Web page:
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Science

New Jacksonville Zoo Hatchlings Illustrate Different Approaches To Conservation

The Jacksonville Zoo is celebrating the hatching of two very different species of endangered animals.

The zoo recently welcomed Louisiana Pine Snakes...and a South American Magellanic penguin.

The new zoo babies will take very different journeys now that they’re out of the egg.

Robert Mendyk is the supervisor of herpetology, meaning he’s the snake guy. He opened a locked, temperature controlled vault, exposing two small, clear-plastic boxes. Each one contains a single Louisiana Pine Snake.

“It’s been in decline over the last several decades. It’s considered to be one of the rarest snakes,” he said.

Mendyk said this snake is difficult to document in the wild because it usually lives underground. Plus, forest fire patterns are changing and displacing gophers, the snakes’ favorite food.  Not only do pine snakes eat the gophers, but they then go on to live in their holes. Fewer gophers mean hungry, homeless pine snakes.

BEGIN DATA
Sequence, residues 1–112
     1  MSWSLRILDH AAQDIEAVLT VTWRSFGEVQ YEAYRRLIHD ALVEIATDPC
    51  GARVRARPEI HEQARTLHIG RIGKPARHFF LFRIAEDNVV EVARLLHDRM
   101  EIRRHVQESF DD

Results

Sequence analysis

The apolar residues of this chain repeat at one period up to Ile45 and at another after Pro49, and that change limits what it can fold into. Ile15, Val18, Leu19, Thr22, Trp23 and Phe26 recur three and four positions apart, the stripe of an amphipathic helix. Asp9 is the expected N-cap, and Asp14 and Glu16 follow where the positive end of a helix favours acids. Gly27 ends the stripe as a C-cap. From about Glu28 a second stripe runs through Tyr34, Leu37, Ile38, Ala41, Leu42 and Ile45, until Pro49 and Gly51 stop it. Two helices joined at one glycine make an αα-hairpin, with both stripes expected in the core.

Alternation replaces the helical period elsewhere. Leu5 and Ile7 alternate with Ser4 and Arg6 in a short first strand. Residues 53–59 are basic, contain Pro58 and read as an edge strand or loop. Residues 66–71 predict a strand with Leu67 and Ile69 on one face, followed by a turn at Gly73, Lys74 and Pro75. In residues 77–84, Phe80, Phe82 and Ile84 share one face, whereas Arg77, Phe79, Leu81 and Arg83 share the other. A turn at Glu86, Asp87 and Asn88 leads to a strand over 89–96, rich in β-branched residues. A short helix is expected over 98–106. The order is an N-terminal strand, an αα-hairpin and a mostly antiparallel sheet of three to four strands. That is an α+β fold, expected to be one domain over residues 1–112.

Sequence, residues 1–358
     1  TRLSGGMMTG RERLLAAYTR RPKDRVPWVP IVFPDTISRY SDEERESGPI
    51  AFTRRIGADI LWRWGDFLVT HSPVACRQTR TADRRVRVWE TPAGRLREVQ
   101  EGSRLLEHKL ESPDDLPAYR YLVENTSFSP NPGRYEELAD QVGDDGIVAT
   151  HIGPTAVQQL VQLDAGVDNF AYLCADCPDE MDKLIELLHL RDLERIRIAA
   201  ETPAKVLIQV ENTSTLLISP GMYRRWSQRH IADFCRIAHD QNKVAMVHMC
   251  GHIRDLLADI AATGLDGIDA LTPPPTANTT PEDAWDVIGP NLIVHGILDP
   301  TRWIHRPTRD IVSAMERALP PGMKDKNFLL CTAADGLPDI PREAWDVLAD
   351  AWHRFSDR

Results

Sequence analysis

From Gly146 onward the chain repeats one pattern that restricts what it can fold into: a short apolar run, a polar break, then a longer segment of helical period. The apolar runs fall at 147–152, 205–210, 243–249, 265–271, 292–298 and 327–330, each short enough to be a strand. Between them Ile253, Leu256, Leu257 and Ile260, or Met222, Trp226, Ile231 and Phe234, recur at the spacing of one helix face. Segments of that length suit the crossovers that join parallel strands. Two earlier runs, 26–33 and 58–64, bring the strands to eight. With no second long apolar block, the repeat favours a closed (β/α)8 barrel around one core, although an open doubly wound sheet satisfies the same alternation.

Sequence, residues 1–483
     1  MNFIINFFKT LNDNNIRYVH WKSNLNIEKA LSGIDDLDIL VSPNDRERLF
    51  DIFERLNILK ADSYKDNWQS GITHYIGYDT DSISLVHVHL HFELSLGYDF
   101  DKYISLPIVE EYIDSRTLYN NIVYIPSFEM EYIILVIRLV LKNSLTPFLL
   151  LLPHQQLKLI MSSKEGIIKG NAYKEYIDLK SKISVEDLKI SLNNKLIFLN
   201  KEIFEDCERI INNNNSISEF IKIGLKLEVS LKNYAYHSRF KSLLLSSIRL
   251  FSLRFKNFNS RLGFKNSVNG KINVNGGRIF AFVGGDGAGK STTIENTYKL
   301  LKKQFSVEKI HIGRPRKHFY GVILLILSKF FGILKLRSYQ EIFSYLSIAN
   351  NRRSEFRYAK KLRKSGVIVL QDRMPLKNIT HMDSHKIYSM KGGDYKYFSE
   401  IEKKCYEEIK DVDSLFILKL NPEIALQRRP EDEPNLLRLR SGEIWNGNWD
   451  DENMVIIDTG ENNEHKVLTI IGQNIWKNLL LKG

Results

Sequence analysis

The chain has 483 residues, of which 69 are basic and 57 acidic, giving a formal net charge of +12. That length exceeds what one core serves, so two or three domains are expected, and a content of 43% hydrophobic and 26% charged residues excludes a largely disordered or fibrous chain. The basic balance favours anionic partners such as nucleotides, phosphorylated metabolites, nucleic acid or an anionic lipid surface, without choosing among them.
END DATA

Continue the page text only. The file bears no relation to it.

But the American Zoological Association is helping reintroduce and track the snakes inside a protected natural environment. So, these little guys, or girls, won't be in Jacksonville long.

The same can't be said for the Jacksonville Zoo’s other hatchling — the Magellanic penguin.

Reptile and bird curator Mike Taylor said unlike the pine snakes that can be safely reintroduced to the wild, the penguin hatchling just doesn't have a stable enough place to live in its natural South American habitat.

“Unfortunately, it takes a lot of planning and a lot of resources as far as habitat in the wild to be able to put birds or animals back in the wild,” Taylor said.

Taylor said the safest place for this bird is a zoo. Once it’s strong enough to live in a public enclosure, visitors can get acquainted.